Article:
One place for all PR students and faculty to meetup and mashup ideas about emerging digital media. That’s been my dream.

Sure, we’ve been creating our blogs and podcasts. We’ve been following each others writings and media. All fun. All good. But, there really hasn’t been one place for everyone to do a meet and greet … until now.

PROpenMic.org is the place.

PROpenMic? A metaphor. Step up and speak your mind. Our goal is to be the social network for PR students and faculty worldwide. We have common interests, goals and certainly can learn from one another.

PROpenMic.org logo

The site is open to practitioners, too. So, if you’re interested, please come and join in the discussion.

We can share documents, audio, video … a music / podcast player, forums, blogs & photo albums for each member … RSS feeds, photo albums, and more. Already people are blogging and four forums have begun – PR Syllabi & Resources, PR / Marcom Pros, Faculty and Students. We can start more, too.

Connect & Collaborate

I love sharing and learning. No better way to do that than to interact with your peer groups, right? So, my hope is that we can all come together – from around the world – and connect in this community.

The site is built upon the Ning.com platform, so it has a sort of Facebook-like appeal. The difference? No ads. No apps sending you numerous emails. Just PR people. Hey, I like Facebook for connections, but to do what we wanted to do … a mashup of content in one place … we had to have our own platform, in my opinion.

Meetup, Mashup & Share

Already, in one day, we have people signing up. Blogs, forums & video sharing are already seeing a bit of activity. We want more, though. Interest has come in from Asia, Europe, North America & Australia. How about you? and your students?

I realize that starting this at the end of a semester isn’t the ideal time. But, I had an epiphany on Sunday night and just started building the site. By Monday morning it was essentially ready to go, so I shared PROpenMic.org in Twitter and through an email to about two dozen people.

Please Join

I’m seeking your support, please. Share PROpenMic.org with your students, fellow faculty, PR/Marcom colleagues and more. Sign up yourself and there is a very easy “invite” process for you to use. Thank you.

Note: PROpenMic.org will never sell or share your email address or personal information with anyone else. You choose what to share on the site. This is a nonprofit academic project, primarily for the benefit of our students. No cost. No ads.

And, just so you’ll know … This is for real, too. No April Fool’s silliness, here … unlike this one from Google. Hat tip to Brett Pohlman for that one.

FlackLife Reveals Foolish Astroturfing Campaign from Hunter College and Coach Handbags

Definition of astroturfing:

Astroturfing refers to marketing / public relations campaigns which attempt to create the impression of being spontaneous and true, genuine (and representations of *real* people and their opinions) when, in fact, they are not. In all of the standards of practice listed below, this practice is considered to be unethical.

Astroturfing is an interesting topic. I see PR practitioners that defend it as a valuable tool. Others decry it as unethical and bad practice. I’ll place myself in the latter group.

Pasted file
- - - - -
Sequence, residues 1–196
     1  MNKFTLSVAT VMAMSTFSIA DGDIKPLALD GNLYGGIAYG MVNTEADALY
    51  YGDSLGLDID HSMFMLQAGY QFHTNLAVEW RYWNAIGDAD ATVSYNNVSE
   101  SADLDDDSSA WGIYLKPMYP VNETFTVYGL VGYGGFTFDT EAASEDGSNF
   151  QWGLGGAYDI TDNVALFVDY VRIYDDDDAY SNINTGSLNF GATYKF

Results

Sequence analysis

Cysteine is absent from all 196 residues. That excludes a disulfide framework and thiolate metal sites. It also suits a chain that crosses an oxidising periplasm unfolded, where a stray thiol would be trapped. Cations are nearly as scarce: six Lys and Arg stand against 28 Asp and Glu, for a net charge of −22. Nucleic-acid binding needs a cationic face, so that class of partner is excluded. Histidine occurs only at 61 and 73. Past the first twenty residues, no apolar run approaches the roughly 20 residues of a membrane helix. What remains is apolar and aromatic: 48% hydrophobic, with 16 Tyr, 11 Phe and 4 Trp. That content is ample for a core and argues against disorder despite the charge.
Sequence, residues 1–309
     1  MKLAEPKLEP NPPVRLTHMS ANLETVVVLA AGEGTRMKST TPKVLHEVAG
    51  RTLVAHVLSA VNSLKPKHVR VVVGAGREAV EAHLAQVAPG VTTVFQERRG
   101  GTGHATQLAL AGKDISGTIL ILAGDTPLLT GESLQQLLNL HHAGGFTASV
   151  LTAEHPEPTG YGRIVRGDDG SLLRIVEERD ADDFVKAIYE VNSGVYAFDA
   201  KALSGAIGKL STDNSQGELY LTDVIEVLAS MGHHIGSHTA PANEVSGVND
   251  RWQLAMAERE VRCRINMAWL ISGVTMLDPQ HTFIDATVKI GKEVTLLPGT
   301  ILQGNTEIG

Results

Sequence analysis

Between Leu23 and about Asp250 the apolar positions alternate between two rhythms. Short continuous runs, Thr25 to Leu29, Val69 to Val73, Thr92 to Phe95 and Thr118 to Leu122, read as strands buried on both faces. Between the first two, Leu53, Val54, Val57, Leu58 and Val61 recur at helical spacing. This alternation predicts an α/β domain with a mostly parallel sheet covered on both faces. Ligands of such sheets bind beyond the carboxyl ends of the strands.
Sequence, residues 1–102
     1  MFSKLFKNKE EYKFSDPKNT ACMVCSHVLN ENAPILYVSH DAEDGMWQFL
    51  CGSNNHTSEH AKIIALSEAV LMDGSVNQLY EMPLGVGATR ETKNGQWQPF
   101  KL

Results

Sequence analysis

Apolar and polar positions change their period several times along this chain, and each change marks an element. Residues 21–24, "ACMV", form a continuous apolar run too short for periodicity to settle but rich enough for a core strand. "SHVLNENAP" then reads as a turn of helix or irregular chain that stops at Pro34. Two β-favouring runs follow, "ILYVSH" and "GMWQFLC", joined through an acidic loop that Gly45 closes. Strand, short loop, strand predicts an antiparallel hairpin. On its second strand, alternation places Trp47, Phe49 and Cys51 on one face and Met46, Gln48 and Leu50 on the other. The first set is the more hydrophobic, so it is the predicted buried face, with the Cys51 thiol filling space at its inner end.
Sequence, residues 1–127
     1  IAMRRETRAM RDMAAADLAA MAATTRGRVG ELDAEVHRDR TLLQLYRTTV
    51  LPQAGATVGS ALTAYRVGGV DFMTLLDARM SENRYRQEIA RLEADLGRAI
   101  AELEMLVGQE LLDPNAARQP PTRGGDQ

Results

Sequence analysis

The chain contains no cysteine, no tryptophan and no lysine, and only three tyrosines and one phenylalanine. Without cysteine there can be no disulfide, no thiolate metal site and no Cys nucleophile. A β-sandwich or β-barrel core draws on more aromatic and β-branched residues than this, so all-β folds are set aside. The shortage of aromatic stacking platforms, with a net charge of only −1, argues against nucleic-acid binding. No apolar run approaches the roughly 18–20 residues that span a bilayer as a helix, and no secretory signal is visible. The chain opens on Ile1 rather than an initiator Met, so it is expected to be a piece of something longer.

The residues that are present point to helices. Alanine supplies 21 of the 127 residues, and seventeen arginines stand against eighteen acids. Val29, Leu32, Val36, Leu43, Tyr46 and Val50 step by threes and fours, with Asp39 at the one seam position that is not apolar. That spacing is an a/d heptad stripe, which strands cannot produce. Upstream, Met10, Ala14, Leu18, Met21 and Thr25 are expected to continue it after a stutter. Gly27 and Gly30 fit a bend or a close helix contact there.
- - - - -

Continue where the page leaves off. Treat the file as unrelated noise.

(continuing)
FlackLife blogger, Bob LeDrew, has the story in two posts so far. They are “Now we flacks get students to astroturf for us” and an interview with Hunter College faculty member and “PR expert Stuart Ewen on (the) ‘Heidi Cee’” astroturf blogging, social networks and YouTube video fiasco.

This example from Hunter College and Coach goes beyond simple astroturfing, though. This involves the following (Sources: here and here):

I simply cannot imagine a more definitive example of bad practice than this case. The interference by the president, the campaign tied to a donation to the college, the creation of a course solely to accomplish the deceit, the students (it seems) happily joining in, the faculty and department chair encouraging them along … it just boggles the mind. How stupid can these people be?

Read the links, watch the video. Fake vs. Fakes | Center for Media and Democracy. What do you think of all this? I’ve already seen two PR practitioners in a listserv group defend the practice. Oh, brother.

Update: Ya’ gotta read this great post by Clemson’s Dr. Mihaela Vorvoreanu. In particular, see the class blog she came across for the course. Yikes!

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New Rules of Marketing and PR :: Students Feeling A Buzz

Fall semester brings more blogging and social media exercises to my classrooms. This semester, as with all in the past, I’ve tried to do something new with the hope of catching the imagination of each student.

I have a story, but first – some background.

The PR Writing class is reading David Meerman Scott‘s book, The New Rules of Marketing and PR. Then, theyNew Rules of Marketing and PR by David Meerman Scott are writing about it in their Fall 2007 class blogs. Along the way, the students are also exploring social media releases, online release portals and more. You’ll be happy to know that they are doing a lot of other writing, too. Releases, features and more are weekly exercises. Finally, they will create an online newsroom for a nonprofit client … a real client.

I’ve never said, and never will say, that social media will replace tried and true public relations practices. It does offer a new way, sometimes a more appropriate and successful way, of serving a client’s interests and those of their stakeholders. And, developing an understanding of online release writing and delivery is certainly useful.

So, the story is that – as usual – many students are skeptics. Jackie is was one of them. But, she recently had an ah-ha! experience. Continue reading